Clearly, we must manage our public resources in a way that allows us to do good — and do it efficiently, effectively and well.
If we are to compete on the global stage, denying reality and pretending and spending must end.
4) In your mind, are there differences between teachers unions, firemen/firewomen and sanitation workers unions?
We need to celebrate the public workforce everywhere. To vilify, denigrate and disparage public/government workers is simply uncalled for and counterproductive.
Having said that, management has a remember that we have a responsibility not simply to tax and spend, but to get value for the citizens/taxpayers. We have to change the paradigm from one of simply spending more to asking what value are we obtaining from the investment we are making.
Our schools must exist for teaching, learning and children — not power, control, politics and adults. As we move forward in public education we must treat teachers and other educators as the professionals they are and ask that they work with management to manage the fiscal reality.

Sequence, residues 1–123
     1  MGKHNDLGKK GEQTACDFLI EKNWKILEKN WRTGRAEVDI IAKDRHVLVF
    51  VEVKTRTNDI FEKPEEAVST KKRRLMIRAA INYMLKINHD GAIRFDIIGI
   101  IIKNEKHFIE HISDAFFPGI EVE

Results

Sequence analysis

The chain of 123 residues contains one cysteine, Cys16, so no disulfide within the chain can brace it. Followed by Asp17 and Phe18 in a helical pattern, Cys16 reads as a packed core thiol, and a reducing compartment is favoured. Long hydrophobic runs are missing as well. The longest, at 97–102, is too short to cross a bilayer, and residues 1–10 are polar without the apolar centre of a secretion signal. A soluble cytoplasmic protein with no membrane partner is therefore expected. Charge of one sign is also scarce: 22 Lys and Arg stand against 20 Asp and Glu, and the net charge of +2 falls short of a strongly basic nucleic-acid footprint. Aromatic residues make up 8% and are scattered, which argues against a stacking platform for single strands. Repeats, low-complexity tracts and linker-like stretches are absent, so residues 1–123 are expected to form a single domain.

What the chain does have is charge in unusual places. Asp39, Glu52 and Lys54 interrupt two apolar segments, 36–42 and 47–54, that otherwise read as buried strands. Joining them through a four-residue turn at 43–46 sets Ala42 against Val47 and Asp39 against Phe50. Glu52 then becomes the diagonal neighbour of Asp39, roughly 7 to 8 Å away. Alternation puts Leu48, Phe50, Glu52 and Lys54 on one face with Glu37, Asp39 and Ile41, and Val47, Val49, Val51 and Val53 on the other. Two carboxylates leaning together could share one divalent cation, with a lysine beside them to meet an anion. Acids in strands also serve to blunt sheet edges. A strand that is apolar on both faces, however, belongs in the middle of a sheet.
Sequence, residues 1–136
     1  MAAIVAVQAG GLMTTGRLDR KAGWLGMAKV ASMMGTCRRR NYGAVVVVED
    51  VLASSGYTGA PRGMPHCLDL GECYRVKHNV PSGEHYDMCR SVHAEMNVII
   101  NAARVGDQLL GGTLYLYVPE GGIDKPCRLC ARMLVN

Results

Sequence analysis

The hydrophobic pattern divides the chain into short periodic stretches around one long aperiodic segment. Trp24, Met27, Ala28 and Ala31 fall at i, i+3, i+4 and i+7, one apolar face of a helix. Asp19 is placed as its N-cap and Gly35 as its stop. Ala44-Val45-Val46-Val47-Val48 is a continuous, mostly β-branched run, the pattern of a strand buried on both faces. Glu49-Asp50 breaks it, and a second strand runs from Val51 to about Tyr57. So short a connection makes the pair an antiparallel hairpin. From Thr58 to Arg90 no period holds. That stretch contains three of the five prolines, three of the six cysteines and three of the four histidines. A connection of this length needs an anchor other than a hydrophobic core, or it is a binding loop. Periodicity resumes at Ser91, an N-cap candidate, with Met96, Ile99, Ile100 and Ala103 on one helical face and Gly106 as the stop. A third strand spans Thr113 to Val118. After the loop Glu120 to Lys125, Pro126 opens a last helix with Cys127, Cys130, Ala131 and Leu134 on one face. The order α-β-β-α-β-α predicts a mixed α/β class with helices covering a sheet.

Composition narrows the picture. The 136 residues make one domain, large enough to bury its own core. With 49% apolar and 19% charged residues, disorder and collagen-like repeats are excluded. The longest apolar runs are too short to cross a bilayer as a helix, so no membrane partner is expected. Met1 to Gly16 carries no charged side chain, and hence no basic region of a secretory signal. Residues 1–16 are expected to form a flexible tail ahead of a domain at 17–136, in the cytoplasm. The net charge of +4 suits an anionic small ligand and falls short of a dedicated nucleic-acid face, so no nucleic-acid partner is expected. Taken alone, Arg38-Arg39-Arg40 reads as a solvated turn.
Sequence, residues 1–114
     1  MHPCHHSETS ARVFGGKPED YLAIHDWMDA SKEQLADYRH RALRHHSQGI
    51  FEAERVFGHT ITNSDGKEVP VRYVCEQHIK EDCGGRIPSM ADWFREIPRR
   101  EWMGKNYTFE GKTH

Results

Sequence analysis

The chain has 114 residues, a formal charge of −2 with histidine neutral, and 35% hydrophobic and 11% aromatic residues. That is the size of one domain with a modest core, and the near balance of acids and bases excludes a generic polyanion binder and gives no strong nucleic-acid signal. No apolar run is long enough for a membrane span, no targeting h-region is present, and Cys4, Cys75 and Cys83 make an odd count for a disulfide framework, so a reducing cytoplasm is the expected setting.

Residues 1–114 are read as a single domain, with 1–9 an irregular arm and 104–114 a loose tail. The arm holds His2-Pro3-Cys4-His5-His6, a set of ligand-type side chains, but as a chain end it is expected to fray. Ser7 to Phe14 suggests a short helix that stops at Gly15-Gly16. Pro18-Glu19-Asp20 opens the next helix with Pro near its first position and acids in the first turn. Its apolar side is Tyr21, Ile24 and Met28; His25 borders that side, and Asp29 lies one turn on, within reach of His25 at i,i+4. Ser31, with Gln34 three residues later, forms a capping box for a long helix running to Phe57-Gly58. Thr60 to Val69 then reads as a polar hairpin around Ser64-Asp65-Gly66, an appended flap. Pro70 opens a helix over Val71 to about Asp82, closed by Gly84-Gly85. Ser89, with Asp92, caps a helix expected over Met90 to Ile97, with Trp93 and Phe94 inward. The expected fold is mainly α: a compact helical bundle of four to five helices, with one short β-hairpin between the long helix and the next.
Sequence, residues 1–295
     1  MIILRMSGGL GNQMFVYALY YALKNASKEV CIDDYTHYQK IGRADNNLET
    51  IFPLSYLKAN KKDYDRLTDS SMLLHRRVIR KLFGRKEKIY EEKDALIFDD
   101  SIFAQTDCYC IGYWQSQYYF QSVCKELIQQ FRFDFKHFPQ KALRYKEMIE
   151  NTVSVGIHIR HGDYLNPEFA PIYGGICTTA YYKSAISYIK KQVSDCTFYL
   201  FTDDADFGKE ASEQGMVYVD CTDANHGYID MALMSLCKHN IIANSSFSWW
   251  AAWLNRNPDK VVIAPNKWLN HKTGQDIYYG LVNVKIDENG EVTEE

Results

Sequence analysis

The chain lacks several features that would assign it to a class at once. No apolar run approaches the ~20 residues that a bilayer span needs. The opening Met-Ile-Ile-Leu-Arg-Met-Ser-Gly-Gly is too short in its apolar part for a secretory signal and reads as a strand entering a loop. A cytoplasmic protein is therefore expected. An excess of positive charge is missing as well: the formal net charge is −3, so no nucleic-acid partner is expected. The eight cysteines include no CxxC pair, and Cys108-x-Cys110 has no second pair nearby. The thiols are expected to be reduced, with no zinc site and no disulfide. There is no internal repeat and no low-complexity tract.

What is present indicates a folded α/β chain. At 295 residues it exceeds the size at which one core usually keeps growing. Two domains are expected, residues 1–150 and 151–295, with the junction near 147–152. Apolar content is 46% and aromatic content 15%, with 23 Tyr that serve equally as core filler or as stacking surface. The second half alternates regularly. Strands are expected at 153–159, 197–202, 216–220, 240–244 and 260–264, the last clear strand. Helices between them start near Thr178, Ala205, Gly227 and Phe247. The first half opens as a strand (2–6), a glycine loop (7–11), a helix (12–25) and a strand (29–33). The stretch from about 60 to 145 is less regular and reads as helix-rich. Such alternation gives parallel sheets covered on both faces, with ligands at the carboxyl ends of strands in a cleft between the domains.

5) Back to China, What is this “Jasmine” thing I keep hearing so much about in China?
The Chinese authorities monitor the Internet for any threat of a popular revolt or conversations that would challenge “social stability” as a threat to their remaining in power.
“Jasmine”, used as a means to circumvent attention, now blocked by the Chinese Internet police, is a favorite Chinese folk song embraced by past and current Chinese leaders.
This is reminiscent of George Orwell’s famous “1984″ book, in which the main character has a dialogue with the government officials who are torturing him trying to make him say two plus two equal five, while realizing that “freedom is the freedom to say that two plus two makes four. If that is granted, all else follows.”
As Mao once proclaimed and Chinese leaders know, “A single spark can start a raging forest fire.” Two plus two does indeed equal four.